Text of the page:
Yet, as the novel progresses, these multiple perspectives become more and more disparate. They subvert the structure of the modern detective novel. The impulse to draw toward a conclusion is replaced with a desire to further obscure what has happened. To provide greater, increasingly unrelated contexts. The plot, or the spectre that resembles one, is not all that important. And this is a good thing. Returning to our metaphor of the novel as collage, there is no need for progression. Each new element is not intended to pull the reader forward, rather, it is another component for revealing a larger image that is not intended to serve as some kind of final revelation. When every piece has been laid atop the canvas, what we see is still chaotic and difficult to interpret. GlassHouse is not the story of a murder and its investigation so much as it is the construction of an enigmatic environment.

The lead detective, Schönbrunn, attempts to hold the various narrative threads together. The prominence of the dead body and the inferences that arise are a point of interest. There is the implication, with the disparate perspectives scattered throughout the book, that what may not seem connected at one point might become important later. However, in the same way that Armand’s Paris is an archaic entity, Schönbrunn is an antiquated figure. He is a cop from another time. He acts sluggish and self-righteous. He imagines himself as a beacon of justice in this unmoving place, somehow better than the people he is meant to protect. He often speaks in homophobic and misogynistic terms. In this respect, it seems fitting that the city has gifted him the authority he pretends to command. Not only is the architecture and infrastructure sliding in decline; the attached justice system is equally frail. An idealized Schönbrunn haunts every encounter he creates. A grotesque figure mocking those subject to his authority. When Armand’s Paris inevitably caves in on itself, we can at least find solace in the knowledge that Schönbrunn will be buried with it.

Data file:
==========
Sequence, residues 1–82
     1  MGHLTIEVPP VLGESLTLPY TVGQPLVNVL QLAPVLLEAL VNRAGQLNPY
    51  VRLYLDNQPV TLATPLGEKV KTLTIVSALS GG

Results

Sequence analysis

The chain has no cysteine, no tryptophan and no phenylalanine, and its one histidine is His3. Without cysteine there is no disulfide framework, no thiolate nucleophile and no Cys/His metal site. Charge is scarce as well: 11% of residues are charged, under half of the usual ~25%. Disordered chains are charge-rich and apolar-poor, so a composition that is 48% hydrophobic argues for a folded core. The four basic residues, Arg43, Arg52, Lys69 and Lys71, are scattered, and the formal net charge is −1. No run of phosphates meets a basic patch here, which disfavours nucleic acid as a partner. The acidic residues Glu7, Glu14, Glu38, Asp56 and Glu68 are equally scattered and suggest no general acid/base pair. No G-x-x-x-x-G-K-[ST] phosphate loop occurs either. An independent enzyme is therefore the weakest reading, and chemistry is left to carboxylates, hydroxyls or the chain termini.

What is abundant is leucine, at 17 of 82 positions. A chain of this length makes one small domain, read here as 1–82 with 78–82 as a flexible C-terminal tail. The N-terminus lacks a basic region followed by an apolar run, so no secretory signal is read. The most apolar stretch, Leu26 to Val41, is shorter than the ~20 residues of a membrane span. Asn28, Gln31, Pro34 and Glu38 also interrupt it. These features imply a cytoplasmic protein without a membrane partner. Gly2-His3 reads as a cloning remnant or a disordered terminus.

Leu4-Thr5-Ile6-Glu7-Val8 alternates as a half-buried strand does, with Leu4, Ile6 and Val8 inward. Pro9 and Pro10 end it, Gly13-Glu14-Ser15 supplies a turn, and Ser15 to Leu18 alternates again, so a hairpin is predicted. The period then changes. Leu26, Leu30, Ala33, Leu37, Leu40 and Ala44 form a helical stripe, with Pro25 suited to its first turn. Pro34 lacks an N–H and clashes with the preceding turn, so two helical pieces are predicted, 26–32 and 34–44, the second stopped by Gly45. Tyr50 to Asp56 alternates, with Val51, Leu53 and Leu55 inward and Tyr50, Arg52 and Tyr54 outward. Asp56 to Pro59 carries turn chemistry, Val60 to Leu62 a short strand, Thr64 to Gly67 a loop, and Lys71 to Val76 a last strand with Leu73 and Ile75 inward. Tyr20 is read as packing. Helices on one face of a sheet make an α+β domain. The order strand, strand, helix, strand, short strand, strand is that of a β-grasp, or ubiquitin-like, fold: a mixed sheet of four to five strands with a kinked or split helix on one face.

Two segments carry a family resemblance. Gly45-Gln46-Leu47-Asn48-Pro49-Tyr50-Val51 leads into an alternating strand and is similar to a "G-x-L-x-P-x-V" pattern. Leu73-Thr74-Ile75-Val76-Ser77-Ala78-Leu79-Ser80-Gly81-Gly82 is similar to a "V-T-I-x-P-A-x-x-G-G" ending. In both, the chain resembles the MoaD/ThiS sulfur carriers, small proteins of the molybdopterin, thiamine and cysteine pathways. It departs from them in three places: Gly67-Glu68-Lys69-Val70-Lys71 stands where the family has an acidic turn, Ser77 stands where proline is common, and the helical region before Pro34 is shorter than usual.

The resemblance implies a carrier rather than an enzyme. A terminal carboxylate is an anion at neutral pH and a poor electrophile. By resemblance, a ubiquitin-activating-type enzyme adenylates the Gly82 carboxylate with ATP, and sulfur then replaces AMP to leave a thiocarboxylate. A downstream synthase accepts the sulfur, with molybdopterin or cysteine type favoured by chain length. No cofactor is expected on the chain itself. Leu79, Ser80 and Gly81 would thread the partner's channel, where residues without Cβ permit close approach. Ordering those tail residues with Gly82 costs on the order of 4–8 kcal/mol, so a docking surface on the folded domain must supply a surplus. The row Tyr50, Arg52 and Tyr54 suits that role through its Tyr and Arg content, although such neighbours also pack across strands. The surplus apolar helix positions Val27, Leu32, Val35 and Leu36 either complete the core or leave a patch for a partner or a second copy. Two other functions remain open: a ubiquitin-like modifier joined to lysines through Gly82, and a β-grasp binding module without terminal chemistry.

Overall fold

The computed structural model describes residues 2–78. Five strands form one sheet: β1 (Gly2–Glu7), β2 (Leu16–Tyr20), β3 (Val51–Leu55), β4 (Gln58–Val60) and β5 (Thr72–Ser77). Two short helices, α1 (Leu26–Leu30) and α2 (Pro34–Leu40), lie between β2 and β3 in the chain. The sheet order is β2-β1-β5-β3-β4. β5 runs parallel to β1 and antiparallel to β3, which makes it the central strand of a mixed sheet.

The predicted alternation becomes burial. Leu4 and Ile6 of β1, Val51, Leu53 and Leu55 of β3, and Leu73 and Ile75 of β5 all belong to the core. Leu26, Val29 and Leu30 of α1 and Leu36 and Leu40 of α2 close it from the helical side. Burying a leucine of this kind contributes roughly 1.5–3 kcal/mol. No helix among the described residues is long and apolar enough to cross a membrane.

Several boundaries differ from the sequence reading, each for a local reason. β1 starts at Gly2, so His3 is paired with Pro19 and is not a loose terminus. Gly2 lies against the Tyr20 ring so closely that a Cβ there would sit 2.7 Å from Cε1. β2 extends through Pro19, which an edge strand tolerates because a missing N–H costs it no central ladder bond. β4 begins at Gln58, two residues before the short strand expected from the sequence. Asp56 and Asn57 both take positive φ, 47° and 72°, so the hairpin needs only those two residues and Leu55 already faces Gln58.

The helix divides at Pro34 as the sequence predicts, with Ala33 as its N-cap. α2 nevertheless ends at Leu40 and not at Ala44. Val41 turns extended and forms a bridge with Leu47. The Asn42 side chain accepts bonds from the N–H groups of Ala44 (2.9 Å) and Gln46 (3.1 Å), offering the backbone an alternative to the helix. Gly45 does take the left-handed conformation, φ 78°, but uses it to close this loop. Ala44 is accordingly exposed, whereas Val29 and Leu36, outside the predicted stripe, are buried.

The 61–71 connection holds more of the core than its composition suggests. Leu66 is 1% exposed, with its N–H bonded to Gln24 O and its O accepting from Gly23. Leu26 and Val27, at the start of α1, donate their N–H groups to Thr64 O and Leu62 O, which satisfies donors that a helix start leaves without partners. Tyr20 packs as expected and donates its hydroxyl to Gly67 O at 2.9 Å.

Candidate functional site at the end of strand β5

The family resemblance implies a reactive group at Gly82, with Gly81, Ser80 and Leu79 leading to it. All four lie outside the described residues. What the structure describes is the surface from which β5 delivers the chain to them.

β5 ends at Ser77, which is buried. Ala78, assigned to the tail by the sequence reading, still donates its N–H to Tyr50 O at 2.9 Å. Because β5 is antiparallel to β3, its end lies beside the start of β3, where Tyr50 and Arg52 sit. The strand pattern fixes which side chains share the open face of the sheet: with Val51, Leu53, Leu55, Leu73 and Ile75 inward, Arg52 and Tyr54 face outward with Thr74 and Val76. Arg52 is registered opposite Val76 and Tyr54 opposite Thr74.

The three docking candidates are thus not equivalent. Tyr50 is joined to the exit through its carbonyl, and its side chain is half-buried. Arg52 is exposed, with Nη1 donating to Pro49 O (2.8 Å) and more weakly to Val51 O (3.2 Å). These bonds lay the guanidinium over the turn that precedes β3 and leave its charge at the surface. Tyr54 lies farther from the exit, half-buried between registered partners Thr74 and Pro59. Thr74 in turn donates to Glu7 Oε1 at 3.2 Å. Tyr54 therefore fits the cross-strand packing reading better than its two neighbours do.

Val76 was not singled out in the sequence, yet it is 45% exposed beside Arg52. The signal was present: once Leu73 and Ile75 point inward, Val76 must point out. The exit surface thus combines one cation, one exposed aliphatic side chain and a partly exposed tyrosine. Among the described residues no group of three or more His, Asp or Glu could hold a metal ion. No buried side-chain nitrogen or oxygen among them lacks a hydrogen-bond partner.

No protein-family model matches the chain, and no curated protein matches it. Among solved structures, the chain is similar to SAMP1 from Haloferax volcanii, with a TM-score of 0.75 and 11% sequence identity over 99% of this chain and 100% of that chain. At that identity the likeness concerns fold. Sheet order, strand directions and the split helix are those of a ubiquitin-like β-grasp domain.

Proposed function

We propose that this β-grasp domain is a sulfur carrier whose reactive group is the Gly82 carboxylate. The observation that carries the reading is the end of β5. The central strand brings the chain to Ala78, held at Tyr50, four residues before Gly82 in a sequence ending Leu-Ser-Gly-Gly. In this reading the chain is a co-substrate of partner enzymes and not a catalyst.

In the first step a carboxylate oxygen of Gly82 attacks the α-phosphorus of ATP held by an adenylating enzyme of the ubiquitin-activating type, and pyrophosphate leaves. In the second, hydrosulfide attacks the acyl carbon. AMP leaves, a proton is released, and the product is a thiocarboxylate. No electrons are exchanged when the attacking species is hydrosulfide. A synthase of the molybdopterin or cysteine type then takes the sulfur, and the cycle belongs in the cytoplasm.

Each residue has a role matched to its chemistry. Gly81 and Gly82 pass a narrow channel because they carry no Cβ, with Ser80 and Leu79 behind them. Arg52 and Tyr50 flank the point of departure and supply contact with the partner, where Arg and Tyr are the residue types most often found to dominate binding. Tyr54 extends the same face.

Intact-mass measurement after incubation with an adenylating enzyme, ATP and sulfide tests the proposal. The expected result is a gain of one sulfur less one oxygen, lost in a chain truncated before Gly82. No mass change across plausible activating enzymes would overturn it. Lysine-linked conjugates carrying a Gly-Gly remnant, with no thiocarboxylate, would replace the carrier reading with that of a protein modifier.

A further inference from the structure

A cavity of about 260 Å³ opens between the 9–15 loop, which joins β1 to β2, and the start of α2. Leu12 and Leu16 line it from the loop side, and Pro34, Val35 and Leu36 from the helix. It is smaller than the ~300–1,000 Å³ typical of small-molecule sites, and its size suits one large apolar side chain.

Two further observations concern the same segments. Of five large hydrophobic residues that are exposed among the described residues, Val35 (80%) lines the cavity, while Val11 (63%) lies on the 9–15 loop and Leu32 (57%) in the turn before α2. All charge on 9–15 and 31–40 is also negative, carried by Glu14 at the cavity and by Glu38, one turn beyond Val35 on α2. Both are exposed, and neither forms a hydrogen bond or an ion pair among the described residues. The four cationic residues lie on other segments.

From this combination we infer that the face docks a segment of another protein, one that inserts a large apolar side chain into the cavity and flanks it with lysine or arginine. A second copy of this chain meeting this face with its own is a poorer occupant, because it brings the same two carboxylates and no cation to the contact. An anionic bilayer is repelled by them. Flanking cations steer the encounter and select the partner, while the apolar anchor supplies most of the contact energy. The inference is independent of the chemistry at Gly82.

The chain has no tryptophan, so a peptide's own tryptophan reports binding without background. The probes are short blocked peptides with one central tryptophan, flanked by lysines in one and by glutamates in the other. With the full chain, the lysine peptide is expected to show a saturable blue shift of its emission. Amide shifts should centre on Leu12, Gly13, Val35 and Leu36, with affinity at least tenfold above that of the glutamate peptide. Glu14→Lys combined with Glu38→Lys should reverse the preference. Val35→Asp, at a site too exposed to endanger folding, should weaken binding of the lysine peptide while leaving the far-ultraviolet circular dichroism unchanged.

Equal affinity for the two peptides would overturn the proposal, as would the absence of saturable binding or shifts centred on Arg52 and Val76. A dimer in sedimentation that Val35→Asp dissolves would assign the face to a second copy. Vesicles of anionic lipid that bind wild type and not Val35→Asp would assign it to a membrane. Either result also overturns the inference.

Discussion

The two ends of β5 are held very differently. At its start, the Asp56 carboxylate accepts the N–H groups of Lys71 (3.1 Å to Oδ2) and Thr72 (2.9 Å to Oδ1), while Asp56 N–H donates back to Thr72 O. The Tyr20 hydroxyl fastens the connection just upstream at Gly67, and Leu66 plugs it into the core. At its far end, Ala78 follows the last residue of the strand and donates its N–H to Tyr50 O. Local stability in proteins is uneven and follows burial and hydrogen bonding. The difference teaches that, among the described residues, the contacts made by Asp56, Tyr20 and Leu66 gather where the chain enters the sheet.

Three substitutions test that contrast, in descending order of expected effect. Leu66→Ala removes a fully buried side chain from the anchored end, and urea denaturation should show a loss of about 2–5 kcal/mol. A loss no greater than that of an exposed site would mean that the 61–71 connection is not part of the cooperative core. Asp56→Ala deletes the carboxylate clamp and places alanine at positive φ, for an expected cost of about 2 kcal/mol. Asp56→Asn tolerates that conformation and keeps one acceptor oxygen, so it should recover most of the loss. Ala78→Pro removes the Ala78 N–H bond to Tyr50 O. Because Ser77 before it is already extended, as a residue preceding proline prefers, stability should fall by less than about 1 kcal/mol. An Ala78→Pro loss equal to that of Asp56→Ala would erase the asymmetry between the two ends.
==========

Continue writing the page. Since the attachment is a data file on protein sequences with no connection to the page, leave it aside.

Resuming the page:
GlassHouse presents an incredibly interesting view of the archaic city locked in slow decay. I don’t know if this is what our contemporary Paris is like, I’ve never been there. But the Paris of Armand’s novel is complex and populated. Alive, but in decline. The city slowly caves in on itself, with the Botanical Institute at its center. GlassHouse is a city symphony of sorts, similar to titles like Berlin Alexanderplatz and Speedboat, or films like New York Portrait and News From Home. It is a short, but dense novel—one capable of excavating an entire city from the very ground it stands on.

Mike Corrao is the author of two novels, Man, Oh Man (Orson’s Publishing) and Gut Text (11:11 Press), one chapbook, Avian Funeral March (Self-Fuck), and many short films. Along with earing a Best of the Net nomination, Mike’s work has been featured in publications such as Entropy, Collagist, Always Crashing, and The Portland Review. He lives in Minneapolis. Learn more at www.mikecorrao.com.

First published in 3:AM Magazine: Monday, August 19th, 2019.